A combination of nostalgia and passion drove Armidale's new mayor to go where many would fear to tread.
Before the recent election, the last council had divided into two factions that could not work together and engaged in conflict. This led to concerns about its ability to function properly and effectively following the breakdown of relationships between councillors and key council officers.
By the time current general manager James Roncon arrived at the beginning of 2021, councillors had already been suspended for six months in 2020 following infighting, and some councillors had made several attempts to sack the previous general manager.
Then last week, he was elected mayor after delivering a nomination address that included an insightful summary of the strengths of each of his fellow councillors.
Mayor Coupland says the seed of his political aspiration was sown about 8 years ago.
"It was born of frustration," Cr Coupland said.
"I am an advocate for the rail trail, and I went to a meeting very early on, and I was just astounded by the negativity.
"I came back from that meeting and said to my wife Caroline, I think at some point I'm going to have to run for council because I'm just seeing good ideas get shut down by self-interest."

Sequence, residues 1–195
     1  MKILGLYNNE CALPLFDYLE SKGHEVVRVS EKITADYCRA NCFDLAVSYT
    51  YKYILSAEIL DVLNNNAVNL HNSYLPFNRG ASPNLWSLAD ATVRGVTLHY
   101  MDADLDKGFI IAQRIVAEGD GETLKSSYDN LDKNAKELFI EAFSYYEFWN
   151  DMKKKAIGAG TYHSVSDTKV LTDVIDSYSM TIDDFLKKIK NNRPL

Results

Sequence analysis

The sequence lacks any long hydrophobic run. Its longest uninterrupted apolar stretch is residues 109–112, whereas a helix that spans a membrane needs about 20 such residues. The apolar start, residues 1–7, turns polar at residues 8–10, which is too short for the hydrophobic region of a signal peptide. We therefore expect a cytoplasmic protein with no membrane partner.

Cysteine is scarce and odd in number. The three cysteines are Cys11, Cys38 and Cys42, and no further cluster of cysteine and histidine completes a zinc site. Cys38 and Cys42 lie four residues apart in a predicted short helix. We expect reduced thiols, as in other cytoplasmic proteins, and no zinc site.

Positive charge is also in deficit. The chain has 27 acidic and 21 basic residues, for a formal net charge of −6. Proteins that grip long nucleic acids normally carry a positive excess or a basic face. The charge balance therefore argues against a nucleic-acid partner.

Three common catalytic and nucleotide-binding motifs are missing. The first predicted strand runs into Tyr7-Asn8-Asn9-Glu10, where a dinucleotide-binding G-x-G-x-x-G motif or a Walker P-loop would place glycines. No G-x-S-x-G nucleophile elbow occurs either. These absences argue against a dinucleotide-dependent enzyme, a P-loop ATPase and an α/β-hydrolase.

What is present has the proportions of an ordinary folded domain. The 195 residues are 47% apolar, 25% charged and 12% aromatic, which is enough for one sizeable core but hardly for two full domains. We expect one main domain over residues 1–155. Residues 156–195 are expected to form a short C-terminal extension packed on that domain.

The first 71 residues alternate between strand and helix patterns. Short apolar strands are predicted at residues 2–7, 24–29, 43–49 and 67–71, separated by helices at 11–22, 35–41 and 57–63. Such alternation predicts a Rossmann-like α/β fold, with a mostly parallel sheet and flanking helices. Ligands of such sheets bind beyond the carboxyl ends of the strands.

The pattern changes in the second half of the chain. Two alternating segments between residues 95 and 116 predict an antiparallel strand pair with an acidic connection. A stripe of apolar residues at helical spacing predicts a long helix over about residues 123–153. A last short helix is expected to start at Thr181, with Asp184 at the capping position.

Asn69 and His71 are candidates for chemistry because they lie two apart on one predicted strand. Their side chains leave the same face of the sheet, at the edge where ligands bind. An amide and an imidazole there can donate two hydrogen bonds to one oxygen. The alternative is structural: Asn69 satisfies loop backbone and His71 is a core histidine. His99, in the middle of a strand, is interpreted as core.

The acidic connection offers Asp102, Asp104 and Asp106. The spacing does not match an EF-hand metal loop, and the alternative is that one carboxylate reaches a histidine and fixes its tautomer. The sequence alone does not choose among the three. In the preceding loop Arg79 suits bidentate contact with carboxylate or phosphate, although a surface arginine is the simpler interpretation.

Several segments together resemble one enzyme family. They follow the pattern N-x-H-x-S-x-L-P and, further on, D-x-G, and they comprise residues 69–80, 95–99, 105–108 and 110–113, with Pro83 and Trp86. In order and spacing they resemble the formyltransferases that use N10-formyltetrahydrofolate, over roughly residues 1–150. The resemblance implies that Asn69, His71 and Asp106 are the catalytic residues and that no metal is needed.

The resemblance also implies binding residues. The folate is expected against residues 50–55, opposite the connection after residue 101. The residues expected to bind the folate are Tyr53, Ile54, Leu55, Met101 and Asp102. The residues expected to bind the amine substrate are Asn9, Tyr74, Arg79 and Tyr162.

Sam Coupland was raised on a mixed farming property east of Tamworth, completed his schooling at TAS and earned his degree at UNE.
He worked for the international consulting firm Ernst & Young, then became the owner of a specialist advisory firm FMRC which works with businesses to improve profitability, identify growth opportunities and build employment.
After twenty years working in Sydney and abroad, he returned to Armidale with his family in 2012. He established a large scale cattle business in North Queensland in 2016.
"Caroline and I chose to raise our children in Armidale so they could enjoy a similar upbringing to our own experiences," he said.
"I was here as a school and uni kid, and seen through my young eyes; it seemed quite bustling. Then when we moved back here, it was anything but."